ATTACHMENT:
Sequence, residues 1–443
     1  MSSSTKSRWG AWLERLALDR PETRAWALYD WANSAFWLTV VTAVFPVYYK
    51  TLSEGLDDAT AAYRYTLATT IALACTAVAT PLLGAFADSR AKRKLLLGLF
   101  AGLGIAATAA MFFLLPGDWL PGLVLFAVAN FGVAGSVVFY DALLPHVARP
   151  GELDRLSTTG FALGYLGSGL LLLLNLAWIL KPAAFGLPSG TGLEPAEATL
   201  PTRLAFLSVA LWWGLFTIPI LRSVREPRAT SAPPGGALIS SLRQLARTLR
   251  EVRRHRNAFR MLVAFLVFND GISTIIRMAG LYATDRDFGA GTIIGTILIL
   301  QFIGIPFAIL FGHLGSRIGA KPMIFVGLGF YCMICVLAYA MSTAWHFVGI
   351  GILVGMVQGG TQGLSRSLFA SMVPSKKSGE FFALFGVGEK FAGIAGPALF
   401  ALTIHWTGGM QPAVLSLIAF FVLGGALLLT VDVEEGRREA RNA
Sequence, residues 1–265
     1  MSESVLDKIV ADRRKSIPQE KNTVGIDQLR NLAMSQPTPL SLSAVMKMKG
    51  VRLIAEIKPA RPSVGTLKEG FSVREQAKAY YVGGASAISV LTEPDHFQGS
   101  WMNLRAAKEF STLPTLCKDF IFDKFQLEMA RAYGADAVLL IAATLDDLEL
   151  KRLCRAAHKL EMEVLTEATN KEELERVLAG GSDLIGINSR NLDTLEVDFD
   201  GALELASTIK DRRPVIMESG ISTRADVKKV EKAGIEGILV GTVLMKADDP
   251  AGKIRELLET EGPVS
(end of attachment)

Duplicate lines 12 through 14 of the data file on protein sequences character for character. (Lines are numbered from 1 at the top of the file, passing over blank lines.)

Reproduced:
     1  MSESVLDKIV ADRRKSIPQE KNTVGIDQLR NLAMSQPTPL SLSAVMKMKG
    51  VRLIAEIKPA RPSVGTLKEG FSVREQAKAY YVGGASAISV LTEPDHFQGS
   101  WMNLRAAKEF STLPTLCKDF IFDKFQLEMA RAYGADAVLL IAATLDDLEL